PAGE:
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Hoffmann, R. A wiki for the life sciences where authorship matters. Nature Genetics (2008)
 
 
 
 
 

Isolation and nucleotide sequence of human liver glycogen debranching enzyme mRNA: identification of multiple tissue-specific isoforms.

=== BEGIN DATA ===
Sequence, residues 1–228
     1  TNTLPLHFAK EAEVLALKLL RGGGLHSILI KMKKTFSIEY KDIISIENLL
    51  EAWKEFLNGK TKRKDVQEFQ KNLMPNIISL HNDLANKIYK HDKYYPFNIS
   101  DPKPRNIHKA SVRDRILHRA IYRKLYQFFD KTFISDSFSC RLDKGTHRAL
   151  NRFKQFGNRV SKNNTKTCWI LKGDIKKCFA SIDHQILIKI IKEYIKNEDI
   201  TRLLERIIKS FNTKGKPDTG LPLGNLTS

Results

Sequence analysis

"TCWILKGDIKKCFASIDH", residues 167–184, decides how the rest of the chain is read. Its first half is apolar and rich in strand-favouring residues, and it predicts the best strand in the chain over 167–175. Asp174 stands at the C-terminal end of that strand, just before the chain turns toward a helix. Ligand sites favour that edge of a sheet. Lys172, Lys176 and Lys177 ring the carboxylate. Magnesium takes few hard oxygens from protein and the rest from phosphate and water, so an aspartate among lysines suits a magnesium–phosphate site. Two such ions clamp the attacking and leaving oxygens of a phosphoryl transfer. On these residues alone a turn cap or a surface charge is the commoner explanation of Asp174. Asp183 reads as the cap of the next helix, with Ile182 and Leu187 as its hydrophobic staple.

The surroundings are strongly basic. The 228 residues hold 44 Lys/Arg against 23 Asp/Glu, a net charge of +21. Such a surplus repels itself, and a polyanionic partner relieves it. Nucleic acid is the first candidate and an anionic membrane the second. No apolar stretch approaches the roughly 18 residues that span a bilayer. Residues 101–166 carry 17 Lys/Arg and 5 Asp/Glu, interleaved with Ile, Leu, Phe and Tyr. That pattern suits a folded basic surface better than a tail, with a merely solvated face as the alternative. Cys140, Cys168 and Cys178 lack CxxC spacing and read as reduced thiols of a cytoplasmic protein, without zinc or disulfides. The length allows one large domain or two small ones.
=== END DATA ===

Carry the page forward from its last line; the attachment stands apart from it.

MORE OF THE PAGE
Glycogen storage disease type III (GSD-III) is caused by a deficiency of glycogen debranching enzyme (AGL) activity. Patients are found to have deficient AGL activity in both muscle and liver, and also enzyme deficiency in the liver, but not in muscle. To determine the molecular basis of enzymatic variability in GSD-III and to elucidate the mechanism for control of tissue-specific expression of AGL, we previously cloned and sequenced the human muscle AGL cDNA. Here we report the isolation and nucleotide sequence of liver AGL cDNA and the tissue distribution of the isoform mRNAs. The predominant form of human liver AGL cDNA (isoform 1) contained 400 bp of 5' untranslated region, 4596 bp of coding region, and 2371 bp of 3' untranslated region. The liver AGL mRNA sequence was identical to the previously published muscle sequence (isoform 5) for most of the length, except for the 5' end, in which the liver sequence diverged completely from the muscle sequence. The divergence began with the transcription start point and extended 82 nucleotides downstream from the translation initiation codon. Six isoforms of AGL mRNA were identified and sequenced from liver and muscle. These isoforms differed only at the 5' end. Tissue distribution studies showed that liver, kidney and lymphoblastoid cells expressed predominantly isoform 1; whereas muscle and heart expressed not only isoform 1, but also muscle-specific isoform mRNAs (isoforms 2, 3 and 4). Defining tissue-specific AGL isoform mRNAs is an important step toward understanding the molecular basis of enzymatic variability in GSD-III.[1]

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